I stayed warm and dry the whole trip. Best part was that it all fit in the burrito roll on the handlebars. I also stows and deploys very easy. I'd just leave the bag and the mattress in the bivy sack and then roll the whole thing up in the tarp.

    You can see how it works on the bike in this pic. In the bag in front of the roll, I kept my water filter, hat, other stuff I needed to get at easy:





    Bike profile when you're riding is very narrow and well balance and nothing hanging off the sides which is nice for both riding and p-u-s-h-i-n-g...



    A man must have enemies and places he is not welcome. In the end we are not only defined by our friends but those against us.

  41. #41
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    Quote Originally Posted by DWF
    Damn Ko! Your tent weighed more than my whole sleep/shelter system.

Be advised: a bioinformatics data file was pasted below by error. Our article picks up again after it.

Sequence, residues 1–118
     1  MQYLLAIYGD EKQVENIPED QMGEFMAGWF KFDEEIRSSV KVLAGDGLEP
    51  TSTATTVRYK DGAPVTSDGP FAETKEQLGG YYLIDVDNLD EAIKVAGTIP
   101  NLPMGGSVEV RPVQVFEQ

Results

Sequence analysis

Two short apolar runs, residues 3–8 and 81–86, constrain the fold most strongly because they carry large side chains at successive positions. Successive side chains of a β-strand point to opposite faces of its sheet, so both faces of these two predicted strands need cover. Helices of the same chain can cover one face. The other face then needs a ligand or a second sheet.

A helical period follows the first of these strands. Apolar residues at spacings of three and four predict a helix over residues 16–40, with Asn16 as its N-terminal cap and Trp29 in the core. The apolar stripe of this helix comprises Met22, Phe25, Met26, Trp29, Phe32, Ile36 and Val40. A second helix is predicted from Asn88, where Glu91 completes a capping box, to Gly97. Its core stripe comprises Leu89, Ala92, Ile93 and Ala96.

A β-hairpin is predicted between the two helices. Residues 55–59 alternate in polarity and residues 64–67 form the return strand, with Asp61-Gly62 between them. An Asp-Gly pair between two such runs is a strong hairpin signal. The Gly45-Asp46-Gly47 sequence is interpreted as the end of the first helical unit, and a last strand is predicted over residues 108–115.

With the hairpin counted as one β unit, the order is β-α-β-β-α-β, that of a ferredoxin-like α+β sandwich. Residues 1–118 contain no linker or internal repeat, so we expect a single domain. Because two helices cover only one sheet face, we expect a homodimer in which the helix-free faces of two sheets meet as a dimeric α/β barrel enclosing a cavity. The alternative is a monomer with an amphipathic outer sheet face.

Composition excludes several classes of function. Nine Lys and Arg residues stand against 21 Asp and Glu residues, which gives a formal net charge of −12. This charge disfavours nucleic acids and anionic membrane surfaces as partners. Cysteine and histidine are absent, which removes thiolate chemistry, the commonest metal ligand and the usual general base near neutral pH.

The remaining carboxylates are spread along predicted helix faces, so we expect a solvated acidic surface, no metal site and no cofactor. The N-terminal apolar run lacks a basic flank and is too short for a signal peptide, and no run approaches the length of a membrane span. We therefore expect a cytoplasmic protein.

I used an Oware Cat Tarp, about 8-oz.
    Oware bivy sack, also about 8-oz.
    Thermarest NeoAir mattress - 14-oz.
    Montbell Sprial down hugger 30-degree rated bag which was 22-oz.

    So with lines and stakes & whatnot, it came in right around 4-pounds.

    I stayed warm and dry the whole trip. Best part was that it all fit in the burrito roll on the handlebars. I also stows and deploys very easy. I'd just leave the bag and the mattress in the bivy sack and then roll the whole thing up in the tarp.

    You can see how it works on the bike in this pic. In the bag in front of the roll, I kept my water filter, hat, other stuff I needed to get at easy:

    The problem is trying to talk my wife into letting me spend more on ultra light gear. How does you bivy do when it comes to condensation. My friend's would have to let his dry in the sun in the mornings. Also got his sleeping bag kinda wet too.

  42. #42
    DWF
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    Quote Originally Posted by kosayno
    The problem is trying to talk my wife into letting me spend more on ultra light gear. How does you bivy do when it comes to condensation. My friend's would have to let his dry in the sun in the mornings. Also got his sleeping bag kinda wet too.